The University of Tennessee at Chattanooga’s Music Department in conjunction with UTC’s Chancellor’s Office and Development office will present a Gala Concert celebrating Roland Carter’s career and honoring his retirement on Friday, April 19th, at 7:30 p.m. at First Baptist Church at 401 Gateway Avenue in Chattanooga.

Roland Carter

Roland Carter

Featured performances will be by soprano Gayle Robinson-Oturo, UTC’s Men’s Chorus, Chamber Singers and Chattanooga Singers. Also featured are special performances by Hampton University Concert Choir, Morehouse College Men’s Glee Club, and the Chattanooga Choral Society for the Preservation of African-American Song.

Advanced tickets will be sold through the UTC Fine Arts Box Office at UTC’s Fine Arts Center for $5.  Tickets will also be sold at the door for $10. Note:  due to limited availability, it is strongly recommended tickets be purchased in advance.

Composer, arranger, conductor, pianist, scholar, researcher, and teacher are some of the roles of UTC Holmberg Professor of American Music Roland M. Carter. During his 23-year tenure at The University of Tennessee Chattanooga, Carter has conducted choirs, taught classes, accompanied recitals, arranged music, funded concerts, fostered inter-departmental productions, chaired the department, mentored and recruited students, and promoted affirmative action while at all times retaining the demeanor of a true professional. He is an advocate for the great musical traditions of the African-American heritage and is most celebrated for his arrangements of “Lift Every Voice and Sing” and the spiritual “In Bright Mansions Above,” as well as for his arrangement of the Langston Hughes’s poem “Hold Fast to Dreams.”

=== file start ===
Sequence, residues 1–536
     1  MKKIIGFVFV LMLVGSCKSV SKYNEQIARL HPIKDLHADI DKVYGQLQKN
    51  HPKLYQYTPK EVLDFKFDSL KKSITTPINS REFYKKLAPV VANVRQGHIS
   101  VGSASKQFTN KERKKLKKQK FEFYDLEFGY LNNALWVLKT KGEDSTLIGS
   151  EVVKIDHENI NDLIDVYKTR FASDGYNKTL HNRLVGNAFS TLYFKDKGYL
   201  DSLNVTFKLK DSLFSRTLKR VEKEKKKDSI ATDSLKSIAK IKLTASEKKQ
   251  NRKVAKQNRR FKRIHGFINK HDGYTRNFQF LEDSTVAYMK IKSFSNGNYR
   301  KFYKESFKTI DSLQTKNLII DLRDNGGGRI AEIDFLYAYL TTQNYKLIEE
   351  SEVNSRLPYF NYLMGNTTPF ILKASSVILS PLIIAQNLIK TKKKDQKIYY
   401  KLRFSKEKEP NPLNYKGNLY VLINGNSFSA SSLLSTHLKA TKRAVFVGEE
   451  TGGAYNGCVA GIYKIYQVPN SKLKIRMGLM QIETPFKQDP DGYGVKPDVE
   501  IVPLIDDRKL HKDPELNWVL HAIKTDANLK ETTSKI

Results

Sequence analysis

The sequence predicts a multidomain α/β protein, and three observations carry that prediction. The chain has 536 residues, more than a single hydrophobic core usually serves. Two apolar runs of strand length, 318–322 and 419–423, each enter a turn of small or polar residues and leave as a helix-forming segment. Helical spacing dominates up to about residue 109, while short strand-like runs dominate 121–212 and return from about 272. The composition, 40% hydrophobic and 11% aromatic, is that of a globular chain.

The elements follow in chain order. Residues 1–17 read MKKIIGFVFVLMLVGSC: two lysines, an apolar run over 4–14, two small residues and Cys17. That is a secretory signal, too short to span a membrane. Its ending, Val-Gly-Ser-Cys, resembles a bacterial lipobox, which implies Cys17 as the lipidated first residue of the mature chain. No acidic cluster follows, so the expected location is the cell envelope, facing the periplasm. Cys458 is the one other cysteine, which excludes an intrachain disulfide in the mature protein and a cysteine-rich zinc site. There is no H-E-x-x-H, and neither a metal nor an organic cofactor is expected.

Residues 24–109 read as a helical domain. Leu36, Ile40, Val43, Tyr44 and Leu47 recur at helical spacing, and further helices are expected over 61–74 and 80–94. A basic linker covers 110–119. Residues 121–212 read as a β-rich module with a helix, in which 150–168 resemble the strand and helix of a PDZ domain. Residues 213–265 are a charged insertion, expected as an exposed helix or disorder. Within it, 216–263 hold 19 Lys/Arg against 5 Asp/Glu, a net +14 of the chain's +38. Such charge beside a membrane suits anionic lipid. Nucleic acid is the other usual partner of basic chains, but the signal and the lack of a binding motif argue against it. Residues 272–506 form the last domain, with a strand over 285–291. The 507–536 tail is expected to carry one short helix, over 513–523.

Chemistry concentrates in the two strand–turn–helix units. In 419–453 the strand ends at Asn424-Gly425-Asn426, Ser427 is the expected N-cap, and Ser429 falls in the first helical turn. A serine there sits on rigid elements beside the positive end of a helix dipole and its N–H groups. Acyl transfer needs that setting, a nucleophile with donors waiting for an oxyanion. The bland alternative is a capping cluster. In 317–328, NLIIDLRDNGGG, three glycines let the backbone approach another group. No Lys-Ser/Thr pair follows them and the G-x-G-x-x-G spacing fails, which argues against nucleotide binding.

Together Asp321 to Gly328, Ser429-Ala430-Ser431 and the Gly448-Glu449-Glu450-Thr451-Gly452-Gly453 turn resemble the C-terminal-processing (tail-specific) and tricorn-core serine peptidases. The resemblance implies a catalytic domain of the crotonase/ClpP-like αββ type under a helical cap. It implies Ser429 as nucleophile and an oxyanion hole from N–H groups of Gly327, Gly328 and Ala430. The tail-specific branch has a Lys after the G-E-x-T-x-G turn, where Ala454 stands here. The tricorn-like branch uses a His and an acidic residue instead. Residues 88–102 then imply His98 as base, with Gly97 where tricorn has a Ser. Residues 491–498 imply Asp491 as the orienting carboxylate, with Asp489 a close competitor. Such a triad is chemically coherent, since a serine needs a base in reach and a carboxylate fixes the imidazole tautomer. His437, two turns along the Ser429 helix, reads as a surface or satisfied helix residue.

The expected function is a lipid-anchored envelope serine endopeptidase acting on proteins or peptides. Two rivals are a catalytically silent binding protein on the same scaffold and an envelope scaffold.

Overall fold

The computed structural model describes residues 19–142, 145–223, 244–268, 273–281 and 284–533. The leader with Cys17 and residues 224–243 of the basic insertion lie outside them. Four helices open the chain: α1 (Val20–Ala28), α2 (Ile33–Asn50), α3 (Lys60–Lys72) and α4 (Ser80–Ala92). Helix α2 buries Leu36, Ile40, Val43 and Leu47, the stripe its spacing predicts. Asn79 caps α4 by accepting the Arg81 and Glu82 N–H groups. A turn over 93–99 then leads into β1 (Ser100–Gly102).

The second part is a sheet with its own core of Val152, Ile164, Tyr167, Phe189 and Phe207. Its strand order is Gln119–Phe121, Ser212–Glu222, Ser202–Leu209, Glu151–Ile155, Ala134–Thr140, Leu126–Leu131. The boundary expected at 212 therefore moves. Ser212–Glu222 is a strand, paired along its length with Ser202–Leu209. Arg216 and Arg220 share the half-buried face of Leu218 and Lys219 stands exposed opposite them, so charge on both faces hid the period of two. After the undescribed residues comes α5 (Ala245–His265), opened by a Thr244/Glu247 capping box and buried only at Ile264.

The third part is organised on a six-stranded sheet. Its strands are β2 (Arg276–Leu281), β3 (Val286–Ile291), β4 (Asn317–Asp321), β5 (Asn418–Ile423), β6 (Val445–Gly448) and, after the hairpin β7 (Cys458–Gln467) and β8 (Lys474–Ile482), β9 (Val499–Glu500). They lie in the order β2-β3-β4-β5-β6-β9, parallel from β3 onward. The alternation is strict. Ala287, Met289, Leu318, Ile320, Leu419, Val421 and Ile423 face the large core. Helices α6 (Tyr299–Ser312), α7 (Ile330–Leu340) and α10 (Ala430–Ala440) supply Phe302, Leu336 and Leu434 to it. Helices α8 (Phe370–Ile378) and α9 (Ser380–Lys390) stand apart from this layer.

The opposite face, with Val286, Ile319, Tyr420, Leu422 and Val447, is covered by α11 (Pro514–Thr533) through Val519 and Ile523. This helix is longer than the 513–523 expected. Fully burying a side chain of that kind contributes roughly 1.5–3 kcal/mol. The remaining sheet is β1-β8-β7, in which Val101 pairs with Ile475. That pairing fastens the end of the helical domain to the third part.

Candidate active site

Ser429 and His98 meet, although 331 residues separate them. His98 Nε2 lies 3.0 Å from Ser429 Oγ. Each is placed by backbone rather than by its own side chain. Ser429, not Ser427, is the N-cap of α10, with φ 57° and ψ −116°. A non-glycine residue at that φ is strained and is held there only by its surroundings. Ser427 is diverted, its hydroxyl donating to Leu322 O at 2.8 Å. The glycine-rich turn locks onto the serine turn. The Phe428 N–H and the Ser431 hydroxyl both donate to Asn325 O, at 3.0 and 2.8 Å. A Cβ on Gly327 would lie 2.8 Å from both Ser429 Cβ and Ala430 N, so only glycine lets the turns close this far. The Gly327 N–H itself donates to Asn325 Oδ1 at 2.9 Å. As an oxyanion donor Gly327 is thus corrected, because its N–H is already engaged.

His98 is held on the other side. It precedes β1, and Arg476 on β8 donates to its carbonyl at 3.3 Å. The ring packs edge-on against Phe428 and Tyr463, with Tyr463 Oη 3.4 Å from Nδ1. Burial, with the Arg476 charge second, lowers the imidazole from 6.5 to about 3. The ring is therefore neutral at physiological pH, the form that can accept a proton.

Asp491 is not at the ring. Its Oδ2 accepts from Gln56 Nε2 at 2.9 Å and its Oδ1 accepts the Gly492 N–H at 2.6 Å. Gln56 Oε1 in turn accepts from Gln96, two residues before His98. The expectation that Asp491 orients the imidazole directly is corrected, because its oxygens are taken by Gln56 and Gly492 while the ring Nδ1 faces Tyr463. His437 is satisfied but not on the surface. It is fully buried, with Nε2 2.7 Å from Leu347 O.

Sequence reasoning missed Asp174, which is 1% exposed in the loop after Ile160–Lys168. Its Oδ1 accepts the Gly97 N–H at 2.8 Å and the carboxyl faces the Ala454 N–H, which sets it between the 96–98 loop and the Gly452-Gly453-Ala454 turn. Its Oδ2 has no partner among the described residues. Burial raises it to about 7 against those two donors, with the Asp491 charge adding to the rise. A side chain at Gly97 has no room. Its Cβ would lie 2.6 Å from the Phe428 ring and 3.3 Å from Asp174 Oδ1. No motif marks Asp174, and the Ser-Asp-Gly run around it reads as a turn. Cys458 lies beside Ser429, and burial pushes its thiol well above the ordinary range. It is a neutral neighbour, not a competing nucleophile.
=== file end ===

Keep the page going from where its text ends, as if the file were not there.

Dr. Gail Robinson-Oturu, Soprano, is an active performing artist and sings primarily as a recitalist. Her voice has been heard on local, regional, national, and international stages. As an educator, Robinson-Oturu’s primary academic home was Bethune-Cookman College in Daytona Beach, Florida, where she served twenty-one years as Coordinator of Vocal Studies and Director of the Opera Workshop. The Council for the Advancement and Support of Education (CASE) in Washington, DC named her the 1988 Florida Professor of the Year and honored her as a silver medalist on the national level.  Robinson-Oturu continues to provide active leadership to community and professional organizations. She is the National Vice President of Conventions of the National Opera Association and is a member of the National Association of Teachers of Singing. Robinson-Oturu served as a national Fraternity Director of Sigma Alpha Iota, International Music Fraternity and is an associate of the Negro Spiritual Scholarship Foundation, where she was a charter Board member.  A native of Washington, D.C., Robinson-Oturu earned the Bachelor and Master of Music Education (Vocal Emphasis) from Howard University and the Doctor of Philosophy from New York University.